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More Violence Would be an Improvement

March 9, 2012

Garth Zietsman says that the widespread availability and consumption of pornography probably reduces rates of sexual violence (H/T Marginal Revolution):

We can dismiss the feminist (and sociological) charges of porn increasing sexual violence and leading to sexism. The USA, Sweden, Germany, Netherlands and Japan were just some of the countries that suddenly went from no legal pornography to quite widespread availability and consumption of it. These studies all found that greater availability of, and exposure to, pornography does not increase the rate of sexual assaults on women, and probably decreases it. Japanese porn is quite frequently violent and yet even there rape decreased from an already very low base. It’s interesting that an increase in porn exposure decreases sexual violence only, and has no effect on other crime. Economists would put this down to a substitution effect.

I tend not to view such results in a positive light. Suppose this is right. And suppose similarly that rates of violence and crime decrease as a result of increased video-game playing. Is that a good thing? Probably not. Overall, I think it would be better if men didn’t play video games or watch porn, and instead left the house more, even if that meant getting into trouble a bit more often. Since women are always complaining about prolonged male adolescence, they’d probably agree.

Zietsman has some further results that confirm that way of thinking for me:

The sociological and religious charge that pornography undermines monogamy and family values does however receive support. From GSS (and controlling for IQ, education, income, age, race and ideology) I found that men who are pro legalizing porn are less likely to marry and are more pro cohabitation. There was no such association for women. A higher propensity to watch porn movies is also associated with a lesser likelihood of marrying but is unrelated to cohabitation attitudes—in both men and women. So a pro porn attitude is consistent with a reduced respect for marriage.

. . .

Being pro the legality of porn, and porn viewing, are associated with unhappiness with the family or marriage – especially for men. Those who are pro porn also tend to have a greater number of sexual partners and are more likely to have a sexual affair. This supports the 1984 and 1988 discoveries of Dolf Zillman and Jennings Bryant that the effects of repeated exposure to standard, non-violent, commonly available pornography includes: increased callousness toward women; distorted perceptions about sexuality; devaluation of the importance of monogamy; decreased satisfaction with partner’s sexual performance, affection, and appearance; doubts about the value of marriage; and decreased desire to have children. Later research studies further confirm their findings.

This is a case where there are simply trade-offs. I myself would strongly prefer to see porn disappear.

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On topics of this sort, people often adopt an “if it doesn’t hurt anybody it’s not wrong” attitude. This is morally obtuse, because it always ignores subtler sociological and psychological implications.

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On his front page, Zietsman declares that he has an IQ of 185. But his blog is called ‘FreakoStats,’ which is embarrasingly derivative, and doesn’t even work as a pun. Odd.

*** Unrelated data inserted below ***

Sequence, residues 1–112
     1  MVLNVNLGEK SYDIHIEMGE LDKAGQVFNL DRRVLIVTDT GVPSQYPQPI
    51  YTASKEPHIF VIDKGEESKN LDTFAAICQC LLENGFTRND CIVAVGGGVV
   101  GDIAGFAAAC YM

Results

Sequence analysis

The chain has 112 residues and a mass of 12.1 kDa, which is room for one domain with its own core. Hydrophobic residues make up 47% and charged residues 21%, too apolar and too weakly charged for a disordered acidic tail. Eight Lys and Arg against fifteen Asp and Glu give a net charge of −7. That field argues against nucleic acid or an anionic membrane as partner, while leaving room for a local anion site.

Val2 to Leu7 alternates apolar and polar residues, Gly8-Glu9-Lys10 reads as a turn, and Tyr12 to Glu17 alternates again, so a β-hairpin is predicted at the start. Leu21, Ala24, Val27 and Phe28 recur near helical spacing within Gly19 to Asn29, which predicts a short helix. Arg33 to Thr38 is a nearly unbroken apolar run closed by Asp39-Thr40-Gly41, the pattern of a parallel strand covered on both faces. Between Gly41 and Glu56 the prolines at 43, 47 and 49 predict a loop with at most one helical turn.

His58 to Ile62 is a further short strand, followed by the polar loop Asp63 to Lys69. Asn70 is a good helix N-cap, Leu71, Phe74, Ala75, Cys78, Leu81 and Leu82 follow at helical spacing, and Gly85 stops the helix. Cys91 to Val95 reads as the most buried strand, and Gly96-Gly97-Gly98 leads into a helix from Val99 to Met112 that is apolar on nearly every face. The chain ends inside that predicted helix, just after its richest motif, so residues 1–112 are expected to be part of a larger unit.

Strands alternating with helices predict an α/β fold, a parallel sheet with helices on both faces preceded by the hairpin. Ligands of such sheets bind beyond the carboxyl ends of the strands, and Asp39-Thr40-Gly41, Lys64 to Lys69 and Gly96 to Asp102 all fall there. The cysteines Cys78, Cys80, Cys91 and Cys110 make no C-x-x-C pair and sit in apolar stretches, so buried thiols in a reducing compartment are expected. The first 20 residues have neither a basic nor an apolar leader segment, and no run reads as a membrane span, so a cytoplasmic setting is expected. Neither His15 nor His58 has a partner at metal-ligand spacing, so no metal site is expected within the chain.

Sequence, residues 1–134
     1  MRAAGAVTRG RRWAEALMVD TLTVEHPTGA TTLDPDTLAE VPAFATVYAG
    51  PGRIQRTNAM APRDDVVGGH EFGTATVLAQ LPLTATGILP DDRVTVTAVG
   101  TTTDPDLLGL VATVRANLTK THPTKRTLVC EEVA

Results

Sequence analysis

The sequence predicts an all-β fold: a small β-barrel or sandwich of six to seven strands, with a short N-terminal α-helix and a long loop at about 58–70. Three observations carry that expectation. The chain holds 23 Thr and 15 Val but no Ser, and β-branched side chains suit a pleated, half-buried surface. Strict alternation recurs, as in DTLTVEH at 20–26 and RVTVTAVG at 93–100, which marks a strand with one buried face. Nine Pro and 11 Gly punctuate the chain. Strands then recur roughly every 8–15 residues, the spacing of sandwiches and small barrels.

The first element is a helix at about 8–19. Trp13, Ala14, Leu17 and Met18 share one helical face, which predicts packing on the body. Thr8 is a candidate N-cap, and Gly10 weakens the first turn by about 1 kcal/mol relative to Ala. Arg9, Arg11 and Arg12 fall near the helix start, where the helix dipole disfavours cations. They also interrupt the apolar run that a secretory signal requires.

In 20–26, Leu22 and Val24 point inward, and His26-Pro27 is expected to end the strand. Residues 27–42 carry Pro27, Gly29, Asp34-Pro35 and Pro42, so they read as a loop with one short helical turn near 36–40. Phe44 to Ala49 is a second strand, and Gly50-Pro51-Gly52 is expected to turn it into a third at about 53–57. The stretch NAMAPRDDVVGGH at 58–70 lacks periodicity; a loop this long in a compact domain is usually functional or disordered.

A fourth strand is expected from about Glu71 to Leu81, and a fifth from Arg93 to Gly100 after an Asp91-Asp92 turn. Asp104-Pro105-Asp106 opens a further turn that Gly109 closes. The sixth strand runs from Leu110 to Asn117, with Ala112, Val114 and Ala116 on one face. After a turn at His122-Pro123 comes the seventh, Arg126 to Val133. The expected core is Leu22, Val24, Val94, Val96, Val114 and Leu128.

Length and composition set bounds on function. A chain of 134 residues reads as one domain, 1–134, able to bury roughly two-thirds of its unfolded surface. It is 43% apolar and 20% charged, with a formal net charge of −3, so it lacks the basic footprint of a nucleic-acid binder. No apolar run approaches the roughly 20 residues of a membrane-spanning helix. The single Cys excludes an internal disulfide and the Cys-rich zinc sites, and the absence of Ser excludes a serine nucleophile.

5 Comments leave one →
  1. March 9, 2012 7:01 pm

    Also, I’d be interested in the question of whether people aren’t harmed directly. I’m going to look into it more, but for example I found these quotes from Jenna Jameson (famous porn star):

    “Most girls get their first experience in gonzo films – in which they’re taken to a crappy studio apartment in Mission Hills and penetrated in every hole possible by some abusive asshole who thinks her name is Bitch. And these girls, some of whom have the potential to become major stars in the industry, go home afterward and pledge never to do it again because it was such a terrible experience.”

    “In a worst-case scenario, a gonzo director will take a girl to a hotel room and have their friends shoot a cheap scene in which she is humiliated in every orifice possible. She walks home with three thousand dollars, bowed legs, and a terrible impression of the industry. It’ll be her first and last movie, and she’ll regret it – to her dying day.” (Pg. 325)

    I’ve also heard, but haven’t found evidence of it yet, that women going into porn are also much more likely to have been sexually abused (Jenna Jameson, who I was just quoting, was apparently gang raped when young).

    Anyways, things kinds of things, if they have substance to them, would suggest there’s a lot of direct harm – in the sense of a very predatory and degrading experience.

  2. March 9, 2012 7:07 pm

    Another note: society doesn’t know what to think about porn yet it seems. Partly, I think, because people haven’t bothered to clarify just what the harm is.

    But the problem is much more widespread than porn – the problem, I mean, of sexually degrading institutions and beliefs. Just look at the issue of misogyny in the music industry that I blogged about. Also, look at some of the most popular tv shows, like 2 & 1/2 men – totally vile.

    • March 9, 2012 7:26 pm

      You have to think that porn is driving some of the broader changes though.

      People just a few years younger than us have grown up in a world where all of their male peers are surrounded by porn as they mature sexually. I remember one of my (very liberal) peers in grad school expressing surprise at how crass the undergrads were.

Trackbacks

  1. Porn vs Marriage « Johann Happolati
  2. In Praise of Sexual Violence

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